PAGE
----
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Well Being Notes

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What makes a life go best?
I will argue that what makes one's life go best is a combination of things, ranging from the attainment of knowledge, and engagement in rational activity, to awareness of aesthetic merit, the experience of mutual love, and involvement in pleasurable activity. What is important, I will claim, is that one is involved in these kinds of things while strongly wanting to be involved in them. 3 broad theories of well-being known as 'self-interest' theories;

1. Hedonism

2. Desire-satisfaction

3. Objective-list HEDONISM

1. Narrow hedonism - what determines one's well-being life is the attainment of pain rather than pleasure. PROBLEM - takes pleasure and pain as completely distinct kinds of experience. WRONG. Loads of different kinds of pain. Nothing intrinsically common. Even less in pains and pleasures. Reject narrow hedonism

2. Preference Hedonism. Instead compares pain and pleasure in terms of their common relation to our desires. Pain is experienced unwanted; pleasure is experienced wanted. Parfit; "one of two experiences is more pleasant if it is preferred". MORE PLAUSIBLE. PROBLEM. James Griffin - one can prefer to be in pain and rational, rather than euphoric and dim-witted. (Freud example) SOLUTION? Perhaps Freud's life went better just if it went as he'd prefer it to go. Desire-satisfaction?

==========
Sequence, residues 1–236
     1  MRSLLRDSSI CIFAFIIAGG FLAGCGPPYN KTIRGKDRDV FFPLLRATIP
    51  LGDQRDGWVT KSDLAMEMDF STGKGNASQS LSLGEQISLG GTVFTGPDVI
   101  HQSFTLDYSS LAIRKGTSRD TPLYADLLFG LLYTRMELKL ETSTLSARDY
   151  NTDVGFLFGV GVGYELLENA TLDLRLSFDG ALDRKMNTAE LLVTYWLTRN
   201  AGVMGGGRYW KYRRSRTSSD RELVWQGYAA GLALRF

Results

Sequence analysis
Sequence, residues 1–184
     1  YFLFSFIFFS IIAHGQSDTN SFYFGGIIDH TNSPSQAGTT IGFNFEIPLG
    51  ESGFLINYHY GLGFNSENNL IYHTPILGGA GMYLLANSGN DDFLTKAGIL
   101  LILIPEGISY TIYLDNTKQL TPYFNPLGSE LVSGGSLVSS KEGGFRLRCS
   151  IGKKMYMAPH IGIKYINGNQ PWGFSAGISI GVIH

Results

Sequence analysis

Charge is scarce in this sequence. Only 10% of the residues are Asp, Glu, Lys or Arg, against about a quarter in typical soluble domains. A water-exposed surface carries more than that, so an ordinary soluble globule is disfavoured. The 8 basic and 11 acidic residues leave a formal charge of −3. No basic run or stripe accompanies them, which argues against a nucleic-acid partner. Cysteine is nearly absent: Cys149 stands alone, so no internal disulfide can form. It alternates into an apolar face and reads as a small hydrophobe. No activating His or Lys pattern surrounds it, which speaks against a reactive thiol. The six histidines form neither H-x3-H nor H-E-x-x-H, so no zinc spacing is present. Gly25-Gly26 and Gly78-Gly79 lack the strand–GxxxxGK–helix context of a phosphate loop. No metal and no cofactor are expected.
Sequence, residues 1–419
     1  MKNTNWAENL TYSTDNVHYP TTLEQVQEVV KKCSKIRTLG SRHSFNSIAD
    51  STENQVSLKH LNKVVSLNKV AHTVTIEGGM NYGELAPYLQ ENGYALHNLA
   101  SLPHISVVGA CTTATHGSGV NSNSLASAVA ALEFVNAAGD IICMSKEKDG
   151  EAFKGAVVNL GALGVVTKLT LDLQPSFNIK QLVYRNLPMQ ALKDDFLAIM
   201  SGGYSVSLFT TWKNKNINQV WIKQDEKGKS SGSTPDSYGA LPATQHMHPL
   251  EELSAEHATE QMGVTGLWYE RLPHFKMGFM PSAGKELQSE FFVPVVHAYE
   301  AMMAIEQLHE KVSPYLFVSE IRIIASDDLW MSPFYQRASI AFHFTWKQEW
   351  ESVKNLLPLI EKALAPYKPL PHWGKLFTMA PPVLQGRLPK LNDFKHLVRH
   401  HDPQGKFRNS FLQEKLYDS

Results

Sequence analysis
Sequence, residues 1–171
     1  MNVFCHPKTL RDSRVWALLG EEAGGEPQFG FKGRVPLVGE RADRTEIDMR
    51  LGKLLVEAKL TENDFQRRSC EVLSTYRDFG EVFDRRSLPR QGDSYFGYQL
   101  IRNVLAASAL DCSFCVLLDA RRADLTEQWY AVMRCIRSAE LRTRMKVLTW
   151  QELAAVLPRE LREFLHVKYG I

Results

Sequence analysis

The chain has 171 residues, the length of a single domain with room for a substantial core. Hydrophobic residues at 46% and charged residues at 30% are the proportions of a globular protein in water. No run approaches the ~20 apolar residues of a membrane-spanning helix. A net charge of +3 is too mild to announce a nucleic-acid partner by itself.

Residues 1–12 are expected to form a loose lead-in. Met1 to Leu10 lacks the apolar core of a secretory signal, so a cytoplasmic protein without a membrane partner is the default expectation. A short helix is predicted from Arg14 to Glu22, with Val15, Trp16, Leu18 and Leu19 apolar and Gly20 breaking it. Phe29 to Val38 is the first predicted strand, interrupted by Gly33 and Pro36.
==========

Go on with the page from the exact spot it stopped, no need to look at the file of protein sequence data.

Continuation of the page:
1. 'Unrestricted theory'. What's best is that which best satisfies all desires across one's life. PROBLEM. Suppose that I am on my way to be supervised and I notice a bus shelter that has been smashed in. I develop a desire that the bus shelter be repaired at some point. However, I never walk that route ever again, and so, as it happens, never come to find out whether or not that bus shelter was ever repaired. As it happens, it does

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